The difference between Six Sigma, Lean, Lean Six Sigma and Outside-In

It’s a confusing world out there. At the last count there were over 6,000 improvement methodologies (Wikipedia) all geared to helping organizations get better at business. So at least there’s always been plenty of choice depending on your particular flavor of the month however one has to ask the question why so many and why do even the better ones fail to help our companies adapt and change? 

Regular readers of BP Group stuff will know we can be quite outspoken on this matter, and it’s best summed up by the phrase “you may be doing things right, but are you doing the right thing?”. The vast majority of techniques, approaches and methods are geared to fixing problems, and essentially getting better at doing things right. That was fine in the 20th century world where efficiency was king. Not so anymore where effectiveness, efficiency and successful outcomes are pre-requisites for business success. Just getting better at what you currently do (doing things right) is the route of diminishing returns. The harder we try, the tighter we get, the poorer the gain each time around.
Let’s contrast that with doing the right thing. Here we seek to determine what the right thing is, and in our language it centers on Successful Customer Outcomes (SCOs). And that isn’t about (just) filling forms correctly, tightening bolts or producing widgets. It is a philosophy that seeks to improve our alignment in everything we do towards the SCO. It is geared to understanding Causes rather than fixing effects, and unfortunately again so much of what is called ‘improvement’ is about fixing effects, rather than flushing out the Cause of Work (COW) and the Points of failure (POF).

The approach we have distilled from global leading companies, which we call Customer Expectation Management Method (CEMMethod), has a set of principles and philosophy that makes sure everything you do improves the SCO. CEMMethod helps an organization bring their processes, systems, strategy and people into ‘outside-in’ alignment.

Does CEMMethod work? Absolutely and that’s precisely what allows those leading companies to carry on creating clear water between themselves and the nearest ‘inside-out’ rivals.
So how could we compare the recent emergence of CEMMethod with less effective approaches like Six Sigma and Lean? Easy.

Six Sigma - Fixing problems. Doing Things Right..
For example people may not be filling in a form correctly. Six Sigma understands how often, where and what could be done to improve accuracy of the form.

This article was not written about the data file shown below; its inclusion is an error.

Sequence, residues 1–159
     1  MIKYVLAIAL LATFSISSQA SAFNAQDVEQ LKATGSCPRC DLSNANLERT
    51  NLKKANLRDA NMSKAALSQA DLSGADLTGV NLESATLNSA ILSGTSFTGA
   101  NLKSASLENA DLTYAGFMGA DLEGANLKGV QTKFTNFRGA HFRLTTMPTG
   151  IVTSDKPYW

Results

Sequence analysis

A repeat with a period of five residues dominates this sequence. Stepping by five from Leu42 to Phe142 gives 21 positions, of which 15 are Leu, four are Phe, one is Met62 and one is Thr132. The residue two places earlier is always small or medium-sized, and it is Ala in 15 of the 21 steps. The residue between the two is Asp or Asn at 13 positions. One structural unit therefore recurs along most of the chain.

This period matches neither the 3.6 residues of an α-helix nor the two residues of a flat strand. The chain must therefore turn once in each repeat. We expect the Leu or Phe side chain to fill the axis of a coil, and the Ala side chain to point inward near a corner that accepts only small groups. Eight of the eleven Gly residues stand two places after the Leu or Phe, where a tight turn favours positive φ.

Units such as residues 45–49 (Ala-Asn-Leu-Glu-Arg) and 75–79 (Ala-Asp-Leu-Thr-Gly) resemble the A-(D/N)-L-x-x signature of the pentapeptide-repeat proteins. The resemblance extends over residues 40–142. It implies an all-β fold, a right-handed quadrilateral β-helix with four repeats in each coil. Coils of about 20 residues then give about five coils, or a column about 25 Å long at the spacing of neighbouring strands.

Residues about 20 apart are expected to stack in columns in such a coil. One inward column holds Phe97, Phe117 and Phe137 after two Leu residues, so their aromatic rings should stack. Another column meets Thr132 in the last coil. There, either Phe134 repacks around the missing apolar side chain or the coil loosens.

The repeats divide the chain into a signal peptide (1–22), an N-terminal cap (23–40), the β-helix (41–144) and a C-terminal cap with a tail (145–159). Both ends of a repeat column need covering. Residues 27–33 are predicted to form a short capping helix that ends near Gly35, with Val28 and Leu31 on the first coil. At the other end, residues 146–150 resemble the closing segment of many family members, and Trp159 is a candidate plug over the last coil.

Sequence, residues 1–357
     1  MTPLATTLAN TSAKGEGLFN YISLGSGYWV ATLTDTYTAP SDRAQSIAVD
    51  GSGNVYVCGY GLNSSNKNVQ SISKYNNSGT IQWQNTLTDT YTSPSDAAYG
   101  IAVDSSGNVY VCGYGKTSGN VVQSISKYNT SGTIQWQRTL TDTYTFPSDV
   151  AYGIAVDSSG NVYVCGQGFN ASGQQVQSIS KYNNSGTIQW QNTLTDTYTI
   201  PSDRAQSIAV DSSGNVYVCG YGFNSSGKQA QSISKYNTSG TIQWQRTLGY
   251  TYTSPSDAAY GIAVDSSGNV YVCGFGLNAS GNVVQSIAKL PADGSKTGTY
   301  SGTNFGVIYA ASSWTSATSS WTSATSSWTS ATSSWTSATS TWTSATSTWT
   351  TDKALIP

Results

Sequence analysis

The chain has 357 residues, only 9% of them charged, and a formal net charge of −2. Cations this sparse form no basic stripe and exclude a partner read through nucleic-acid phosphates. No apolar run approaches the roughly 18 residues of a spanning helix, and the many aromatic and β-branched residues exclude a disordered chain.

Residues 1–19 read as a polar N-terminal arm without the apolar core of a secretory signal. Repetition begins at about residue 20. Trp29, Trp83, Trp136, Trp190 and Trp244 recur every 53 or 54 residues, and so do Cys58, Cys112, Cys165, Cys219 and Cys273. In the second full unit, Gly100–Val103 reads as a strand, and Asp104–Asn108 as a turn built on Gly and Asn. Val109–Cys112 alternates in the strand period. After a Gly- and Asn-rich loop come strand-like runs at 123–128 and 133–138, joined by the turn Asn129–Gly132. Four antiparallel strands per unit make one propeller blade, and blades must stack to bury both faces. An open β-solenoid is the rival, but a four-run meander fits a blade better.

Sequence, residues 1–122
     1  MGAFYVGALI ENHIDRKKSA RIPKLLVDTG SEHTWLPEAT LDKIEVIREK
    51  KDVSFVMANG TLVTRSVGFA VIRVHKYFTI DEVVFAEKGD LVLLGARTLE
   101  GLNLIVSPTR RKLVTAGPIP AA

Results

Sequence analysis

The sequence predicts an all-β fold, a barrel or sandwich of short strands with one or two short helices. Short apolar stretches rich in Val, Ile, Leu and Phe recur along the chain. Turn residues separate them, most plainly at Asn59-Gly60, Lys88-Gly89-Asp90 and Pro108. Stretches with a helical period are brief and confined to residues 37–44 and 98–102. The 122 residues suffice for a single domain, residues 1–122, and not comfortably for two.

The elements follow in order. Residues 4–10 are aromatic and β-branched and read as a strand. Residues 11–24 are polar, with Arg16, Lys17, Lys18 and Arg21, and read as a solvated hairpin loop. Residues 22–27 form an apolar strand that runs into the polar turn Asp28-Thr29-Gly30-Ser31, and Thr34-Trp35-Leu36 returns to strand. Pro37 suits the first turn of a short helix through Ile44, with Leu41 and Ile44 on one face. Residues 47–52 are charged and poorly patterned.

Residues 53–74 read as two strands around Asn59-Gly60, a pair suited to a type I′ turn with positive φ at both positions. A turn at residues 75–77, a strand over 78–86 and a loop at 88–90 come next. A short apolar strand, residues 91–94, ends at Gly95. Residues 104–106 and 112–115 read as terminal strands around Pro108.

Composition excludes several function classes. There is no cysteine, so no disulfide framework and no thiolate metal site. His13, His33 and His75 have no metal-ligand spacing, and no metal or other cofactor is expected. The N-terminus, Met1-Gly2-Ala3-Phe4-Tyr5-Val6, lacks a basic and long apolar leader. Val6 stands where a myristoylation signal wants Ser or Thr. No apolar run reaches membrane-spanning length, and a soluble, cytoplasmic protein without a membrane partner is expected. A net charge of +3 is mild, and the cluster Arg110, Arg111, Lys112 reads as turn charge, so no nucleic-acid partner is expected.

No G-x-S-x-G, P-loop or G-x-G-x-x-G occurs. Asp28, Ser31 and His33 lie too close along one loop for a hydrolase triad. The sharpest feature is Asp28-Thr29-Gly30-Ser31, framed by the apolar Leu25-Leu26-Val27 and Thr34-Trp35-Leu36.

Lean - Doing Things Right, and sometimes doing the Right Thing.
Similar to Six Sigma however goes a stage further in removing waste associated with form completion by removing unnecessary steps and sometimes as a consequence negates the need for a form entirely. In doing so occasionally, but not by design, stumbles into doing the right thing.
Both Six Sigma and Lean don’t challenge directly whether the form helps to achieve an SCO.

On the other hand,
CEMMethod - Doing the Right Thing. Doing it Right, doing it even Better.

Asks whether the form contributes to the achievement of the SCO. If it doesn’t we stop doing this dumb stuff. It is typical to find that a massive amount of work in a CEMM examined process becomes unnecessary and in doing so frees up scarce resource.

The good news is that those ‘outside-in’ success stories can help all of us embrace the SCO and identify and achieve immediate substantive triple crown benefits for our organizations.

Terms used in this article:

CEM - Customer Expectation Management
CEMMethod - Customer Expectation Management Method
SCOs - Successful Customer Outcomes
COWs - Causes of Work
POFs - Points of Failure
Triple Crown - Concurrently Improving Revenues, Enhancing Service and Reducing Costs.
Inside-Out - viewing the organization as a self sustaining functional enterprise focused on silo based specialism
Outside-In - understanding and living an approach that recognizes the only reason an organization exists is to deliver SCOs. In doing so achieving Triple Crown benefits which benefit the Customer, the companies employees and the shareholders.

What is your SCO and how aligned is your organization to achieving it?

About the Author

Steve Towers, Co-founder and Chair of BP Group and founder of Towers Associates, is an expert on process and performance transformation.
Steve founded the first community focused on business process management in 1992.
Steve has bases in Europe (UK) and Colorado.

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